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In lawsuit, activists say Texas' winner-take-all approach to the Electoral College is discriminatory

A lawsuit filed in federal court Wednesday calls on Texas to treat voters “in an equal manner” during presidential elections.

Voters line up at an early voting station in Houston on Oct. 24, 2016. Poll workers said the lines were much longer than normal for early voting.

Saying Texas' current practice is discriminatory, a group of Hispanic activists and lawyers has sued the state in hopes of blocking it from awarding all of its Electoral College votes to one candidate during presidential elections. 

The lawsuit filed in federal court Wednesday calls on Texas to treat voters “in an equal manner” by abolishing that “winner-take-all” approach, which all but two states use. The suit, filed by the League of United Latin American Citizens and a coalition of Texas lawyers, says that approach violates the U.S. Constitution and the 1965 Voting Rights Act. It's just one of many pending voting rights lawsuits arguing that Texas, which regularly votes Republican, has illegally discriminated against voters of color. 

Similar Electoral College lawsuits were also filed Wednesday in Republican-dominated South Carolina and Democratic-leaning Massachusetts and California. The South Carolina suit also alleges a Voting Rights Act violation. 

At the suit’s core is the doctrine of “one person, one vote,” rooted in the 14th Amendment. The plaintiffs argue that the winner-take-all system is unconstitutional because Texans who favor losing candidates “effectively had their votes cancelled,” while voters who favor winning candidates see their influence “unconstitutionally [magnified].” The suit also alleges that winner-take-all violates the First Amendment.

In the 2016 presidential race, Republican Donald Trump received 52.2 percent of the Texas popular vote, but won all of the state's 38 electoral votes.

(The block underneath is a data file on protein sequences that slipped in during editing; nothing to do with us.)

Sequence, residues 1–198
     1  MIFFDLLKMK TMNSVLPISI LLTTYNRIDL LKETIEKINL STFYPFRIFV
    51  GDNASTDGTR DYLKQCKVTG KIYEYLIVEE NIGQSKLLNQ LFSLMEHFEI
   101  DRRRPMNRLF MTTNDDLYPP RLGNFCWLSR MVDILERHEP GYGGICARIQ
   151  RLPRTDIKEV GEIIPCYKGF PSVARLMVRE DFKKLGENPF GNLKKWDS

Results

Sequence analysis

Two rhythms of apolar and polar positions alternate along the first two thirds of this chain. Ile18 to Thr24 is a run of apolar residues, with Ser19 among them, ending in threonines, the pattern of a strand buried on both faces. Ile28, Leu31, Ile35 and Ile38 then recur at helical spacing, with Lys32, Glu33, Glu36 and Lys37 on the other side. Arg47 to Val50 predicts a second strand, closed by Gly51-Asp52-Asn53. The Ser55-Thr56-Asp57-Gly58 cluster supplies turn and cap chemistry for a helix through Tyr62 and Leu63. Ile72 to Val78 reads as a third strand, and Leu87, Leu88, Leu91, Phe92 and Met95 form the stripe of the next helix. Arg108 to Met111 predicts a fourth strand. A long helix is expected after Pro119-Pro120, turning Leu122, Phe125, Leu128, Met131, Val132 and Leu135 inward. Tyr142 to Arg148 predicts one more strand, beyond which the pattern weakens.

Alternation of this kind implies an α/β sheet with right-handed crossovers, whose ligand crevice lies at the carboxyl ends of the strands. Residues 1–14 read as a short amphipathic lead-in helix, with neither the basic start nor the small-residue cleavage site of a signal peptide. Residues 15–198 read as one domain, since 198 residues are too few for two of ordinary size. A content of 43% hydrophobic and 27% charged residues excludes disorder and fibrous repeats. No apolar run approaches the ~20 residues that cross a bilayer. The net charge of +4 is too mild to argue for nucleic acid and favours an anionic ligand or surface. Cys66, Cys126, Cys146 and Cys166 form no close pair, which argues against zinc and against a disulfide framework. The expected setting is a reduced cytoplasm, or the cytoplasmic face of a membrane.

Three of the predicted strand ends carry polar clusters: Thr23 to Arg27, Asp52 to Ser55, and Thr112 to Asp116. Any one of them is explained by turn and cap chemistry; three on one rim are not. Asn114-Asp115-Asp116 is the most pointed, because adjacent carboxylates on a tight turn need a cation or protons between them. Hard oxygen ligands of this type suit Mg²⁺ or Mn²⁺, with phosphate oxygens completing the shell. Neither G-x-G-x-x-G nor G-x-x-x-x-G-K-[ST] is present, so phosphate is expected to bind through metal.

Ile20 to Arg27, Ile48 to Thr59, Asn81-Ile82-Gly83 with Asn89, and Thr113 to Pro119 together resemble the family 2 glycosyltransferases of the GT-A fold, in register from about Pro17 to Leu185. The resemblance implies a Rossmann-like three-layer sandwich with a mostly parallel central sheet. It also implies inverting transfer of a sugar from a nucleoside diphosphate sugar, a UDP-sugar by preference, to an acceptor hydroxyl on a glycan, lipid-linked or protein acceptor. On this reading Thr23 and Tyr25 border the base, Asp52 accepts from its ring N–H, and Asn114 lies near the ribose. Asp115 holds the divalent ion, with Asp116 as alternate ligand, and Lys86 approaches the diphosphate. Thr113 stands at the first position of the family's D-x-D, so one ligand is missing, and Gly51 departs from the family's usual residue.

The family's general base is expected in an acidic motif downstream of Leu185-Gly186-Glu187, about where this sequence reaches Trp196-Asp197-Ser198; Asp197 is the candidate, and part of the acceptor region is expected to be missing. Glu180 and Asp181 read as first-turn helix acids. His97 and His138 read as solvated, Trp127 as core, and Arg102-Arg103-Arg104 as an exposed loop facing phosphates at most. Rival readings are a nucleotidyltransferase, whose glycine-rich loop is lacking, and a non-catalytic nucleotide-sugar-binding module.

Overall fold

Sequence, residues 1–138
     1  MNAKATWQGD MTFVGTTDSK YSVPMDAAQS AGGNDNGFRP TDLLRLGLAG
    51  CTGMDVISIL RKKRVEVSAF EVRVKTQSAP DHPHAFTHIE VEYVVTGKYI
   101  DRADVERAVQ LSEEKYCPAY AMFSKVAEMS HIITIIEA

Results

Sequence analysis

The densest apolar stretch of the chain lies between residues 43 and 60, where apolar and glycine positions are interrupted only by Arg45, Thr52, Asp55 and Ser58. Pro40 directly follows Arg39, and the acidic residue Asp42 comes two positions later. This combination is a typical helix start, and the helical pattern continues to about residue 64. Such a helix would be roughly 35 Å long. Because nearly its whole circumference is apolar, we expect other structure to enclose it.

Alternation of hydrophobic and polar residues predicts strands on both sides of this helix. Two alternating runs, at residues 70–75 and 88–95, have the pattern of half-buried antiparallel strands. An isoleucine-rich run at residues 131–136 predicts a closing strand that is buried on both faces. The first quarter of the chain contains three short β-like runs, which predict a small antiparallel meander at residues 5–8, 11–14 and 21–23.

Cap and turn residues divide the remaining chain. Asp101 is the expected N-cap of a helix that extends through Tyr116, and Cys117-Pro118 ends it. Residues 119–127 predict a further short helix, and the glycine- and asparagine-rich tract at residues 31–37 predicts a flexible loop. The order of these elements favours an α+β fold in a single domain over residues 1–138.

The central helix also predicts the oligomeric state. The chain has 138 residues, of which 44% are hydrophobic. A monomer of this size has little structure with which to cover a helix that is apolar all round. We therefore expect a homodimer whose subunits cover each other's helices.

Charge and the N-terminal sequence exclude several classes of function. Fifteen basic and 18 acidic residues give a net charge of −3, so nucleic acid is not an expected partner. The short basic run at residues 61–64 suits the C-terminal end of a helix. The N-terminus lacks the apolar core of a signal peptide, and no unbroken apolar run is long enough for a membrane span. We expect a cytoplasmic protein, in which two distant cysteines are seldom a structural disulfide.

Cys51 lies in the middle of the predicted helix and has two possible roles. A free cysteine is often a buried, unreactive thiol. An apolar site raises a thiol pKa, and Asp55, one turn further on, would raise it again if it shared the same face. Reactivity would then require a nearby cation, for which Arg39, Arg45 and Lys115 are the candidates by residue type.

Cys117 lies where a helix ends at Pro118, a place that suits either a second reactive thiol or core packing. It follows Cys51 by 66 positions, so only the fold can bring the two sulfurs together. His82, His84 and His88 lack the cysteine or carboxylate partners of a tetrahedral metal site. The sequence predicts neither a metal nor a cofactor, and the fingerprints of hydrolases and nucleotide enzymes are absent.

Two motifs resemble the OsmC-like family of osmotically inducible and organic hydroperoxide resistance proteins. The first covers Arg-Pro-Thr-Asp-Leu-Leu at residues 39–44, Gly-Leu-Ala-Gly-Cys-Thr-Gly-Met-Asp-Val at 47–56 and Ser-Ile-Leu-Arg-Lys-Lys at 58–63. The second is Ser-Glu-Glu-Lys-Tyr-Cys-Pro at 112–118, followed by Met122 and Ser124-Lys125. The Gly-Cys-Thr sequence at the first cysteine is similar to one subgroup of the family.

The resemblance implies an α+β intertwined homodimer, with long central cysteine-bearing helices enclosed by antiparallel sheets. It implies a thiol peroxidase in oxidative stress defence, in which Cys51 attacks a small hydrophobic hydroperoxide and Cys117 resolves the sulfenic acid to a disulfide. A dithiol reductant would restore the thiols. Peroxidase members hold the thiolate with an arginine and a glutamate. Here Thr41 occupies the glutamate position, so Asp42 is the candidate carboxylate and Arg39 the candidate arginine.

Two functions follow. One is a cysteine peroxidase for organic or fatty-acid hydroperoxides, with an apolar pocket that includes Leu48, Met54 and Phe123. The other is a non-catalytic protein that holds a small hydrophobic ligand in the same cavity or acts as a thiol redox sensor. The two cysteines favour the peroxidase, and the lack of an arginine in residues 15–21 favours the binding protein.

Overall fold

Lawyers have asked the court to declare the winner-take-all approach unconstitutional and set “reasonable deadlines” for state authorities to propose an alternative system.

The winner-take-all method is nearly ubiquitous — only Maine and Nebraska use other systems. If the plaintiffs were to prevail in their cases, the potential impact on presidential elections would be huge. But it's unclear how far the cases will go.

Texas has come under fire more than most states for its treatment of voters of color. The state is currently embroiled in pending litigation in several voting rights lawsuits, including cases challenging its legislative and congressional districts, one seeking to overturn its voter ID laws and another questioning its method of electing statewide judges. All of those suits argue that Texas has disadvantaged minority voters.

“Texas has a long and well-documented history of discrimination against Hispanics and African Americans in voting, voter registration, and other forms of participation in the political process,” the lawsuit argues. “The WTA system of selecting Electors is consistent with that history and works in the same way as a at-large voting district.”

Leading the charge is David Boies, a high-profile national attorney who has litigated election cases as prominent as Bush v. Gore, the case that challenged Al Gore’s loss in the 2000 election. Boies reportedly also worked to shield Harvey Weinstein as the movie mogul harassed and assaulted scores of women over a period of decades.

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